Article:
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Man charged in alleged Park Rapids burglaries

A holiday house invasion in an upscale Park Rapids neighborhood should serve as a wake-up call to homeowners.

Why? The burglar gained access to the locked house by sliding a plastic credit card into the door.

“It’s kind of hard to believe,” Hubbard County Sheriff Cory Aukes said, admitting that was the way he’d enter his childhood home when he got locked out. But in a day of computerized security, he thought that particular pre-Christmas access should serve as a warning to others.

Nicholas Quinn, 26, was almost caught in the act on the night of Dec. 22 when some Park Rapids homeowners caught a burglar inside the cabin they’d planned on spending the holidays in.

According to police, Quinn fled out a back door, jumped off a 12-foot balcony, got into his Jeep parked in the driveway and tried to escape down a dead-end street.

When he had to turn around, the homeowner’s son confronted him.

Quinn, who may have been intoxicated at the time, explained that he was cold and had run out of gas.

The son observed that the Jeep’s gas gauge was full at the time.

Two nights later police stopped the Jeep. The woman driving it told them it belonged to her boyfriend Quinn.

Officers, upon interviewing Quinn prior to his arrest, learned that the planned heist was a piece of cake.

Never leave home without your American Express card, as the saying goes.

The only hitch in the plan was the family arriving home during the break-in.

Quinn had been looking around the house for items to steal, the criminal complaint indicated, and was in the process of removing a gun when the homeowners arrived, prompting his daring escape.

Quinn was taken into custody on Christmas Eve. He’s been arraigned on a charge of First Degree Burglary, a felony punishable by a maximum of 20 years in prison and/or a $35,000 fine.

Ken Davis, owner of United Security & Alarm System, said homeowners should check their door locks and change them if they’re prone to being pried open easily.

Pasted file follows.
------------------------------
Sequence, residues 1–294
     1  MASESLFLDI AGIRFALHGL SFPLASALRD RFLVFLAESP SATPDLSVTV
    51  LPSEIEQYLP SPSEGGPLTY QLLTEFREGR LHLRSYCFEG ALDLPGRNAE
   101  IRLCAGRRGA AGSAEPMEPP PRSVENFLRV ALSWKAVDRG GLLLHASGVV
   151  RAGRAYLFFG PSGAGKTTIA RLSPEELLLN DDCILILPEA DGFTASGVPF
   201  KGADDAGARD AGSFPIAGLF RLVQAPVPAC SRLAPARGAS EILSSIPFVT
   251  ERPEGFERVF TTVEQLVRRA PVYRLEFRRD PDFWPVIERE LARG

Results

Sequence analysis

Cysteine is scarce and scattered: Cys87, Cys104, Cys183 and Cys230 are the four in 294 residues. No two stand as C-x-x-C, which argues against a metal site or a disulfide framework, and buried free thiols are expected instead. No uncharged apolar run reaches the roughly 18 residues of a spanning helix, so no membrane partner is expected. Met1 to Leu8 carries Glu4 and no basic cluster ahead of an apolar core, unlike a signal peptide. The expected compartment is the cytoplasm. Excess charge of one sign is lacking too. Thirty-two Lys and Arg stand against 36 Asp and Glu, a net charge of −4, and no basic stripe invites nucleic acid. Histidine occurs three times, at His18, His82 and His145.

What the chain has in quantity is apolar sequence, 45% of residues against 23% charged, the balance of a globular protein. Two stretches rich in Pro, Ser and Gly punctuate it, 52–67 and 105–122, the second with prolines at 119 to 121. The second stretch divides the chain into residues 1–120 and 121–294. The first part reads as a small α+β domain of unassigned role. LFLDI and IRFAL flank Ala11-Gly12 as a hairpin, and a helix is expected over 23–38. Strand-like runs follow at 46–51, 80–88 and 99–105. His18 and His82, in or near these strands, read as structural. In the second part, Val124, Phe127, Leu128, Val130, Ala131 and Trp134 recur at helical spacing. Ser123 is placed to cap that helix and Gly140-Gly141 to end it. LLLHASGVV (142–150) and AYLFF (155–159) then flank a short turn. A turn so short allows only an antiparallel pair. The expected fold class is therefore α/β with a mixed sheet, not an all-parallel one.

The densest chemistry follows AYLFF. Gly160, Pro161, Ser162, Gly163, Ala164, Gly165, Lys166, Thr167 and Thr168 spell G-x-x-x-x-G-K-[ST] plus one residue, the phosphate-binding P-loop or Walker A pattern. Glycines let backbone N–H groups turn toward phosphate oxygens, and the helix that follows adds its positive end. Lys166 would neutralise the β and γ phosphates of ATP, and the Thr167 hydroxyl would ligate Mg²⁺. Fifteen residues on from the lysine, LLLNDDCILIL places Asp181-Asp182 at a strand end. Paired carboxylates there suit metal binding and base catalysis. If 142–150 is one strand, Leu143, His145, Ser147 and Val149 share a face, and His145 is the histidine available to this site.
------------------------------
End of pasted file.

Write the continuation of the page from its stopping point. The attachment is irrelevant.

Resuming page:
But installing door locks is “definitely not a do-it-yourself project,” Davis warned. Experienced professionals should be called to position the door and install a lock.

He said when Ken Smith of Ken’s Lock & Key gets done adjusting a door, “You don’t need anything but a good lock” because the adjustment work is so perfect.

One trend Davis is seeing – and catering to – involves using relatively inexpensive hunting cameras for security.

Trail cams cost around $150 and don’t need power sources to plug into, Davis said.

His shop is currently making a line of birdhouses to conceal such cameras so they can’t be detected.

He advises purchasing more than one. Moving a single camera around can keep potential burglars guessing which house holds a camera and which one holds a nest of birds. The houses are dual-functioning.

Aukes said his office is monitoring burglary rings in other counties to find a nexus, but “we haven’t cleared any of our cases yet.”

Beltrami County authorities got lucky last weekend when three burglary suspects were caught in the act by Mahnomen County authorities. The trio was also   implicated in break-ins in Clearwater County.

The three were arrested Jan. 4 after an all-points bulletin had been issued for the Toyota Tundra they were allegedly driving. The Tundra has been linked to burglaries in Beltrami and Cass Counties.

Joshua James Martin, 29, and Jeremy Jay Martin, 25, both of Walker, and Jasmine Lee Bellcourt, 19, of Cass Lake, were charged.

Items from a Clearwater burglary were found, Beltrami County Sheriff Phil Hodapp said.

Beltrami and Cass County authorities then executed a search warrant in Walker and recovered stolen items from burglaries in three counties.

A mountain of evidence was seized from the Walker home.A previous Cass County burglary ring had ties to Hubbard County because some of the members lived here, Aukes said.

But other than one case of possession of stolen property, Hubbard County Attorney Don Dearstyne said he couldn’t definitively link the group to Hubbard County burglaries.

Aukes believes location, location, location is the key. The high population of seasonal residents makes cabins shut over the winter a particular target for thieves, Aukes believes.

But such crimes seem to cycle, he added.

“Some years we get hit very hard,” he said. “The next year they’re (burglaries) down.”

Both he and Davis suggest shoring up the entrances to your home to ward off a break-in.

But you can always take up a birding hobby, Davis said. Three or four strategically positioned birdhouses near a home entrance can capture the moment an intruder visits.

Sarah Smith

Sarah Smith is the outdoors editor. She covers courts, business and breaking news in addition to outdoors events.

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